The CAT Came Back (CAT,GS,DIA,IYT)

The CAT Came Back (CAT,GS,DIA,IYT)

The CAT Came Back (CAT,GS,DIA,IYT)


It’s not easy to measure the impact geo-political events will have on markets.  Indeed, most headline-grabbing happenings – including live fire incidents between sovereign nations – end up having a negligible effect on securities prices.


That said, if the fear that a major conflagration might erupt captures traders’ imaginations, then nothing will stop even the coldest hands from divesting themselves of everything in their portfolios save cold, hard cash.

The current developing conflict in the Persian Gulf between Qatar, on the one side, and a group of powerful Arab nations on the other (including Saudi Arabia, Jordan, UAE and Egypt), has an ominous ring to it, and no one should believe that because of a shared language or religion, these nations would be loathe to engage in open conflict with one another.


Arab civil wars have been as plentiful as they’ve been deadly, as the current conflict in Syria makes abundantly clear.


But never before have we seen such a potency of firepower available to all sides as we do in the current crisis.  Nor have we seen such clearly drawn alliances as we now do.  All of which leads us to surmise that an internecine Arab conflict that seeks to neutralize Qatar in the region could have devastating effects for the Middle East as a whole.


And because Qatar is a major source of natural gas, the price of that commodity would also likely see sharp moves should tensions boil over.


Markets Express Fear


Could it be that this was precisely what we witnessed earlier this week when the price of gas gapped higher by 3.6% in a single trading session – after the anti-Qatar bloc issued a list of non-negotiable demands, only the fulfillment of which would lead them to consider lifting a trade and diplomatic embargo on the tiny nation?


We believe so.


Among other things, that list includes closing Al-Jazeera, the news outlet that survives on Qatari funding, shuttering a local Turkish air base and scaling down relations with Iran.


Not exactly your run-of-the-mill, million buck hostage situation.


And that’s why we also aver that should the heat be turned up further on Qatar, we’ll likely see a concurrent rise in the price of NYMEX natural gas, represented below by the United States Natural Gas Fund (NYSE:UNG).


Take a look –

This is UNG for the last six months, and the technicals are entirely constructive for gas bulls.


Note first the positive divergence between RSI and MACD (in green), on the rise since late March, and price, which has formed a double bottom at $6.50 over the same time frame (in blue).


Both of these items are bullish indications in themselves.


Add to that an island reversal pattern in UNG trading that occurred last week (black circle), and you have another strongly positive technical thrown into the mix.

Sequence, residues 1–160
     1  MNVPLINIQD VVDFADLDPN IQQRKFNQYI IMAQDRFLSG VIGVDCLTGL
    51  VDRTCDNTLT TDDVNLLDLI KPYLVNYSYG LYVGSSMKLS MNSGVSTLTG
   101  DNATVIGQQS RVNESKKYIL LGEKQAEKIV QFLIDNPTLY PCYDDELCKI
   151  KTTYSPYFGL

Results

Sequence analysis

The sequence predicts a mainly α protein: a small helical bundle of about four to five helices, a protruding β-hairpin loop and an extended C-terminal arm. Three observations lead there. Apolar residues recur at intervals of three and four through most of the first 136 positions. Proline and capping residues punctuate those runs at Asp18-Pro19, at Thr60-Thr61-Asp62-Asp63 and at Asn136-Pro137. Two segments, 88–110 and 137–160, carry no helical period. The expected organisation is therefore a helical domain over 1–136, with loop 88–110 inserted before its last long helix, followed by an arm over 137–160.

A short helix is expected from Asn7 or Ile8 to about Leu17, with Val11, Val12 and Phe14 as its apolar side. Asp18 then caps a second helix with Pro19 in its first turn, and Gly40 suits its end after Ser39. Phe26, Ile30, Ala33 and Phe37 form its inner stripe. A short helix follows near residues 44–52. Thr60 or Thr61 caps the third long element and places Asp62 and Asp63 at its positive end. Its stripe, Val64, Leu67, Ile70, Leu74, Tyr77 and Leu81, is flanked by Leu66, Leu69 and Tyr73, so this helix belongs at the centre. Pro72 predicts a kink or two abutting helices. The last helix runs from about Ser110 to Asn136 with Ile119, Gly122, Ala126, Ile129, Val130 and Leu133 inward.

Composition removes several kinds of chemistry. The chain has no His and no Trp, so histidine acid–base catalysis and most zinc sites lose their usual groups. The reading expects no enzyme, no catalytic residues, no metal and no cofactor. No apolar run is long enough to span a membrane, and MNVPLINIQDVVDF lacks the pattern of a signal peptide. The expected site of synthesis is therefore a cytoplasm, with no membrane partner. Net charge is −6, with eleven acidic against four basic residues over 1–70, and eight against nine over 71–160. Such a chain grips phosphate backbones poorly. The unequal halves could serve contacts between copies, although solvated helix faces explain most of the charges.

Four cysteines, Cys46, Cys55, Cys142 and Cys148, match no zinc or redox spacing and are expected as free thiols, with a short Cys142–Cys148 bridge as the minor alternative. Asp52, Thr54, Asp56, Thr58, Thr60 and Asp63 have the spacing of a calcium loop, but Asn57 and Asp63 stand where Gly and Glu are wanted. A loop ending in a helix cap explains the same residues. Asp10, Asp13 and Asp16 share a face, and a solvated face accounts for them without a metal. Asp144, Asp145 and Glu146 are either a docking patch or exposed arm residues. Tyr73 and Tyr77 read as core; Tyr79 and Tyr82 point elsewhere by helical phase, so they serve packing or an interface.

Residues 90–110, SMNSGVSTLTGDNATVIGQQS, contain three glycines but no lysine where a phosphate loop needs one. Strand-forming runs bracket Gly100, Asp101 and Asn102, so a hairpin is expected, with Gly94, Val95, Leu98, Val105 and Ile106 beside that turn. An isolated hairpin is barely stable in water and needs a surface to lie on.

Bullish island reversals – like the one noted above – are rarer than their bearish counterparts and also more reliable.  They consist of a gap lower, followed by another gap up in the same trading range.  They’re usually indicative of a change in trend over the short- to medium-term.


Finally, you see the pop higher in price (at far right), with the last two trading days up on slightly better than average volume.



We currently have two open, bullish trades with UNG, and we’re considering adding to those positions on any further strength in the stock.  We’d urge one and all to consider hopping aboard.


A final note on the Qatari crisis: the Saudi led bloc has stated that Qatar has ten days to comply with its demands lest it be subject to further sanctions, economic or otherwise.  The clock on those ten days began counting last Thursday.

Before we get to our trade for the week, we have two open initiatives that require your attention.


The first was opened on March 30th in a letter called Theory and Practice.  There, we urged you to sell the DIA June 30th 210 CALL for $2.04 and buy the IYT June 16th 175 CALL for $1.15.  Total credit on the trade was $0.89.


Since then, the IYT CALL expired worthless, but the DIA CALL, scheduled to expire tomorrow, is trading in-the-money, with a value of $4.40.


Our advice is to roll it out.

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Next up is a trade we launched back in December of last year in an epistle entitled Financial Sector Mayhem: Buying Panic! Selling Panic!  The trade asked you to buy the GS December 31st 220 PUT for $5.30 and sell the GS December 31st 220 CALL for $5.55.  Total credit on the trade was $0.25.


In short, it didn’t work out, and we were left short one lot of GS at 220.


Today, we’ve decided we’ve had enough.  We’re buying back the stock at $223.22, taking a (temporary) loss of $322 and turning back to the options market to recoup it immediately.


And we’re doing it thus –

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To the trade!


This week we’re going feline, purring our way to profits on the back of Caterpillar Inc. (NYSE:CAT), makers of very large mobile machinery.


For those who follow the stock, you know that in April the company reported its first positive sales result in nearly half a decade.


See here –

But as of last month, CAT reports that sales from its Asia-Pacific office increased by a whopping 49%!


And that number has convinced us that the CAT – long since thought a goner – has come back.


Our trade is a simple one.

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Many happy returns,


Matt McAbby

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